What is Karate?

Karate can be described as a weaponless means of self-defense. It consists of dynamic offensive and defensive techniques using all parts of the body to their maximum advantage. The object of true karate practice is the perfection of oneself through the perfection of the art. It is not the possession of great physical strength that makes a strong karate practitioner; rather it is the ability to coordinate mind and body.


The word “karate” is a combination of two Japanese characters: kara, meaning “empty,” and te, meaning “hand;” thus, karate means empty hand. Adding the suffix  do (pronounced “doe”), meaning “way,” i.e., karate-do, implies karate as a total way of life that goes well beyond the self-defence applications. In traditional karate-do, we always keep in mind that the true opponent is oneself. Karate practice is divided into three aspects: kihon (basics), kata (forms), and kumite (sparring).

“Originally this was the most important thing about martial arts–to reach a higher level, to become a strong human being. Strong doesn’t mean big arms. It means who can be a more strict human being with himself. That is the ideal of martial arts.”

Gichin Funakoshi


We strive to make our physical techniques pure expressions of our mind’s intention, and to improve our mind’s focus by understanding the essence of the physical techniques. By polishing our karate practice we are polishing our own spirit or our own mentality. For example, eliminating weak and indecisive movements in our karate helps to eliminate weakness and indecision in our minds–and vice versa. It is in this sense that karate becomes a way of life, as we try to become very strong but happy and peaceful people.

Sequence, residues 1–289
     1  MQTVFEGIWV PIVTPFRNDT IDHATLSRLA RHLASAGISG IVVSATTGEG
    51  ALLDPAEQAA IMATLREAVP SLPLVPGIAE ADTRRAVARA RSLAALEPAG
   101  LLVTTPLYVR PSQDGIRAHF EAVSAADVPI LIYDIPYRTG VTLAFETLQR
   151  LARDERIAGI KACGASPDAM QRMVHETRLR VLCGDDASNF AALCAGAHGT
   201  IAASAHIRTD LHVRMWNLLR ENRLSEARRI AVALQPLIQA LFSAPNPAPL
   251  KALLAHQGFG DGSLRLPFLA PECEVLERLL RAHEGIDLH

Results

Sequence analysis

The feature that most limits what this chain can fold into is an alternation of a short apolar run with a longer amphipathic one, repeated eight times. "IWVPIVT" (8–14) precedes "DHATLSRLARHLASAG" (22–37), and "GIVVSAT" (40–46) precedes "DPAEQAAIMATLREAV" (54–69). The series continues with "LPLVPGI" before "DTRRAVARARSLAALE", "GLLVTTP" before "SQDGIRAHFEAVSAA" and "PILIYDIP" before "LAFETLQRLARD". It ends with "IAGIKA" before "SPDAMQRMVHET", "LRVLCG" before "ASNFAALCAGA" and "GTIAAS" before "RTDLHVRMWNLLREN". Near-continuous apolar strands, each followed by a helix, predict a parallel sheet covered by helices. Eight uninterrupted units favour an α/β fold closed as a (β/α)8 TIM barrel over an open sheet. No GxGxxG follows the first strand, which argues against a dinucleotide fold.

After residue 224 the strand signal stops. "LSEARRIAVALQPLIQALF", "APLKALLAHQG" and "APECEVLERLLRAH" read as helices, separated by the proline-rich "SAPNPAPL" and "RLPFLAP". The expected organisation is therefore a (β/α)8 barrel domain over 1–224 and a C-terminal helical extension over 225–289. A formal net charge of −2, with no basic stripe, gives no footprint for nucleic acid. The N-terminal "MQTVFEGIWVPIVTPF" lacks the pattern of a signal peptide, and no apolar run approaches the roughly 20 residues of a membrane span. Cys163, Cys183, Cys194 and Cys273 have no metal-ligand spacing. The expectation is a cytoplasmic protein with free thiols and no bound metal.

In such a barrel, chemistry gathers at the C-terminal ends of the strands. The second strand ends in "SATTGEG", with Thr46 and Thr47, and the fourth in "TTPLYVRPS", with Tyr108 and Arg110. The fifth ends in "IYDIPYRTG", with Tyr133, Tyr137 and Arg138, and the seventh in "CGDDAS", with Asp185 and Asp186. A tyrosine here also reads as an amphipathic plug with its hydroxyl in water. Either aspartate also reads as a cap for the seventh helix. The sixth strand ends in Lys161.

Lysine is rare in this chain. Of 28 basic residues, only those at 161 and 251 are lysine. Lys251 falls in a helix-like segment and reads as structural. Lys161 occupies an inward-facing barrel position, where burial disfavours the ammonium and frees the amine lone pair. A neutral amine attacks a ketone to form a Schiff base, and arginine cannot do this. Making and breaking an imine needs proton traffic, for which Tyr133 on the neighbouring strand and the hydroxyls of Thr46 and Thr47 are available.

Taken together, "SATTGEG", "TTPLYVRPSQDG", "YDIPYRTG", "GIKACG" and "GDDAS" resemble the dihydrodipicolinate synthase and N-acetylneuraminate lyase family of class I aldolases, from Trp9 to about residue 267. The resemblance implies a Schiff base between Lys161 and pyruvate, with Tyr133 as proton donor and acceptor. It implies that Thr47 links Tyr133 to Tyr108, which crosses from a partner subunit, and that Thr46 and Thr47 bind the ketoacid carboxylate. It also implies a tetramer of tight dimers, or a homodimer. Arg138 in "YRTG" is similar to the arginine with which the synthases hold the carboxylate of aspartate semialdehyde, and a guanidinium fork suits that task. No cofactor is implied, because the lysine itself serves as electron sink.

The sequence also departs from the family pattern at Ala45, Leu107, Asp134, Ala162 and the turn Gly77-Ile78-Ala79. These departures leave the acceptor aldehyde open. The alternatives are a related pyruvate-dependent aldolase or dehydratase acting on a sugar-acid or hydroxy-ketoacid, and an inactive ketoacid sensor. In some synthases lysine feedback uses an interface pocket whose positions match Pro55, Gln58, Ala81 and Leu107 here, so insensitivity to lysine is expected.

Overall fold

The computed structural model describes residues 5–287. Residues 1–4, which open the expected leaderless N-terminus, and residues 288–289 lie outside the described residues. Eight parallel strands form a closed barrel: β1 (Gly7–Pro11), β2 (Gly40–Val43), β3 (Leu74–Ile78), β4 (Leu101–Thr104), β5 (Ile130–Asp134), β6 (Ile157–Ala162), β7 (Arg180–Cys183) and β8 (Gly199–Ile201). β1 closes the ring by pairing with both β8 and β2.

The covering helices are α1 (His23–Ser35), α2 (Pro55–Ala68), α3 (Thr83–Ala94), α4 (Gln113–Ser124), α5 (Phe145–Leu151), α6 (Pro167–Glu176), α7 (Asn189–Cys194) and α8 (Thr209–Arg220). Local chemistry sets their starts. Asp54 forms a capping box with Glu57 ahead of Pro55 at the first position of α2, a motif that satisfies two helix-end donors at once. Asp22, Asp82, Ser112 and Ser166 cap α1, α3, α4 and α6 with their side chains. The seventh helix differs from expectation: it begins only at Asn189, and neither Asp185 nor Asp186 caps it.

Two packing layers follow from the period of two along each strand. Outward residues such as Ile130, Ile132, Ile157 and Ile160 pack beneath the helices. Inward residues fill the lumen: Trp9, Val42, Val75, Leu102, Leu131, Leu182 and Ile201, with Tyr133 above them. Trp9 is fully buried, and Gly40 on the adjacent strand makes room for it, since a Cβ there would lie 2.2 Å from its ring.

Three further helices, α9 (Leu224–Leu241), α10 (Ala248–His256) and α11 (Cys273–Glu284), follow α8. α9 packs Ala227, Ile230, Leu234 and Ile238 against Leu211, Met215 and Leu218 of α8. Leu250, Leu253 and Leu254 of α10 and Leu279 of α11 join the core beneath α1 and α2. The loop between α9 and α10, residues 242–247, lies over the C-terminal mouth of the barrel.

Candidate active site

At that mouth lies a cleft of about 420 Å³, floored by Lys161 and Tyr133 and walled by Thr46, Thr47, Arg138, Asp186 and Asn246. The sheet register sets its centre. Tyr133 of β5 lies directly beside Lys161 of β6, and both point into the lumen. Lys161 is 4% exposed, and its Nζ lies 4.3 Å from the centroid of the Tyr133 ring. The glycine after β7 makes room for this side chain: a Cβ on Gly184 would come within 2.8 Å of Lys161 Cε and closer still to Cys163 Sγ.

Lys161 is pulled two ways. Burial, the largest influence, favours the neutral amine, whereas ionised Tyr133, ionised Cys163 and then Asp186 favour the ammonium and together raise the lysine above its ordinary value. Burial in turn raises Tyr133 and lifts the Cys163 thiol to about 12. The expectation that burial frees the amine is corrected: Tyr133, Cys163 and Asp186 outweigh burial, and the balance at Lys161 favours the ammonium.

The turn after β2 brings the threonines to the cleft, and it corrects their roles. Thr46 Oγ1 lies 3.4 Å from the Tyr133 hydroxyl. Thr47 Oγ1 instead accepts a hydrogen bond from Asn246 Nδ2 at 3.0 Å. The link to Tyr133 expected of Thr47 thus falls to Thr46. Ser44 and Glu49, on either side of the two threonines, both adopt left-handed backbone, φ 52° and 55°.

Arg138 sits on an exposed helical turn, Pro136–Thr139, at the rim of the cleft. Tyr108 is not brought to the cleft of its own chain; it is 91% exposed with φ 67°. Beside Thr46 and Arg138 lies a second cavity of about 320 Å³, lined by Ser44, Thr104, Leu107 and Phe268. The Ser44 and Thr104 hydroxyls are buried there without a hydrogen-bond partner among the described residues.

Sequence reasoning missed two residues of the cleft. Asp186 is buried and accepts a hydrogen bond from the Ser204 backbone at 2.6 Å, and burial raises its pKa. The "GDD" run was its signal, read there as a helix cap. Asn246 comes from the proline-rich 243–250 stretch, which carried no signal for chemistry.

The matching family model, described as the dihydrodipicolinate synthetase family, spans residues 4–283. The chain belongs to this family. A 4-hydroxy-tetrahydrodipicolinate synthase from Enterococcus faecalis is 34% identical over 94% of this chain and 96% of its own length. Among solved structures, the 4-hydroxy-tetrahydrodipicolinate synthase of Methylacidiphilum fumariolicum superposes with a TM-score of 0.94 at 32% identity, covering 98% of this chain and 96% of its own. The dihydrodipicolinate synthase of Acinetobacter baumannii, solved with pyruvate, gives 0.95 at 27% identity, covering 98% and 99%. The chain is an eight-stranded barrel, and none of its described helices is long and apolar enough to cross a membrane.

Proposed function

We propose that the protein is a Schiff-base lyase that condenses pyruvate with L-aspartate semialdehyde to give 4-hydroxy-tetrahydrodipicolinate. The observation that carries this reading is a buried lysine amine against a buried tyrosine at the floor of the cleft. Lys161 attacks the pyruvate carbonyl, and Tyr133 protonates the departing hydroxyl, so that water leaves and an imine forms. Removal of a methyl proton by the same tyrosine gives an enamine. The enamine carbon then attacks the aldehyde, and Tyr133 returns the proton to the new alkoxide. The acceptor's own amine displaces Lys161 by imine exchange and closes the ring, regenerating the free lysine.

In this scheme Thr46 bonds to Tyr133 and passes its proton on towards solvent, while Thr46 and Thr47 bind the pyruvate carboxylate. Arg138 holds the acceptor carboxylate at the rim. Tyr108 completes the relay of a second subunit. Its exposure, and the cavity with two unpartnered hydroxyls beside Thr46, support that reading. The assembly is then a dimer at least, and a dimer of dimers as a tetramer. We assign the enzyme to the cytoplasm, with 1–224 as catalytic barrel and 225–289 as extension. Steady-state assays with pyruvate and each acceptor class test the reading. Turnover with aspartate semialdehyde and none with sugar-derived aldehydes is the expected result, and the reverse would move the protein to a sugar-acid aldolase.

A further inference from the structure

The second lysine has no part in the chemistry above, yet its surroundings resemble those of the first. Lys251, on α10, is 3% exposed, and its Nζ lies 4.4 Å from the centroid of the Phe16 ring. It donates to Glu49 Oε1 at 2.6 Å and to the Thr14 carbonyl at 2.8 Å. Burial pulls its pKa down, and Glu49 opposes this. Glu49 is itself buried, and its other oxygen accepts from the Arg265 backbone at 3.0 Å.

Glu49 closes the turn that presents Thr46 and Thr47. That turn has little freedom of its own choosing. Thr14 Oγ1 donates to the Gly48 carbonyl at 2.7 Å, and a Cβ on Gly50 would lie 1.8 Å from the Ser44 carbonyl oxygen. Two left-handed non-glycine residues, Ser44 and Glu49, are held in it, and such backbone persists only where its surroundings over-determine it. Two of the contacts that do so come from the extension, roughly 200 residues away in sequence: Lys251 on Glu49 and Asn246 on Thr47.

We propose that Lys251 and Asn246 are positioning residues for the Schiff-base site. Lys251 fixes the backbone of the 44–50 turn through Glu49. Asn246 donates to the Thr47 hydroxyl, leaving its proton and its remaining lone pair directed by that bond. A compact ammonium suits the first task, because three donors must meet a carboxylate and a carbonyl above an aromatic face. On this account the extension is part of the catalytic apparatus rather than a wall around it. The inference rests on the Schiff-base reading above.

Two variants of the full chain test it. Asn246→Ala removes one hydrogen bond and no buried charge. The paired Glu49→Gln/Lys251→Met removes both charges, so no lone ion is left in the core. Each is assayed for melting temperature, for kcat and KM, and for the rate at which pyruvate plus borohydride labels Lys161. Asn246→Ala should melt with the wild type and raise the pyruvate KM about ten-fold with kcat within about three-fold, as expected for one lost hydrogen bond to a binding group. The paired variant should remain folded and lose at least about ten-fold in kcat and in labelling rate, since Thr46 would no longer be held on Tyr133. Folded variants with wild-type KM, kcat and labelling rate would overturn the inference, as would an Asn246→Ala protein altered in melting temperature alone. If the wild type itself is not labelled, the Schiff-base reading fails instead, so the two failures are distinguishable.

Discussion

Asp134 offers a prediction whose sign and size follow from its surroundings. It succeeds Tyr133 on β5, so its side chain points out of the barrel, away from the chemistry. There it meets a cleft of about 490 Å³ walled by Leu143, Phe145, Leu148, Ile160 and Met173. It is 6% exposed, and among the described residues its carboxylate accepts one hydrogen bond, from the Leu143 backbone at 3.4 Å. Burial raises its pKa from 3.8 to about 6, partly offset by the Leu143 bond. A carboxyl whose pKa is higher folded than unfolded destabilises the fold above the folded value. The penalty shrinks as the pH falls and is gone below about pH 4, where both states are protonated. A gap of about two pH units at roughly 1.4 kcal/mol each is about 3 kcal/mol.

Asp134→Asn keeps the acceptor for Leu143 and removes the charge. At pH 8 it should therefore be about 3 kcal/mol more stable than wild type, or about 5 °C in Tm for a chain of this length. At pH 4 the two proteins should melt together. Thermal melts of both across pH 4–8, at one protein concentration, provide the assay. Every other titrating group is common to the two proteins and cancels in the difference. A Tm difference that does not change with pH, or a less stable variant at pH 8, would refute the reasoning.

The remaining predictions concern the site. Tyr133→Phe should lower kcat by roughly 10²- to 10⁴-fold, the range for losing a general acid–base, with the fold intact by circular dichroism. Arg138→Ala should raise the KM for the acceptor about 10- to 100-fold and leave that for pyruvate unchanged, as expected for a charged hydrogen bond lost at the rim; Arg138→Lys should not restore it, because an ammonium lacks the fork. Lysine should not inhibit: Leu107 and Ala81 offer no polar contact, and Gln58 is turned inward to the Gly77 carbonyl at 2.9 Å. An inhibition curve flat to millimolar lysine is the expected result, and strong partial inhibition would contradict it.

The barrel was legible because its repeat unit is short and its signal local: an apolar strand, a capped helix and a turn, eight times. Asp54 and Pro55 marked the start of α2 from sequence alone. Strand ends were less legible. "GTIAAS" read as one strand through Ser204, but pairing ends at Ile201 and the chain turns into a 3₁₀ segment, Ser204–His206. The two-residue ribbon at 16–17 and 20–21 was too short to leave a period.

“Mind and technique become one in true karate”

Gichin Funakoshi



Why Practice Shotokan Karate?

  • Learn self-defence
  • Increase your stamina, speed and coordination
  • Stay physically and mentally fit
  • Learn and practice self-discipline
  • Develop composure and self-confidence

Take a Trial Class


In order to achieve victory you must place yourself in your opponent’s skin. If you don’t understand yourself, you will lose one hundred percent of the time. If you understand yourself, you will win fifty percent of the time. If you understand yourself and your opponent, you will win one hundred percent of the time.

Tsutomu Ohshima


Shotokan Karate practice with Ohshima black belt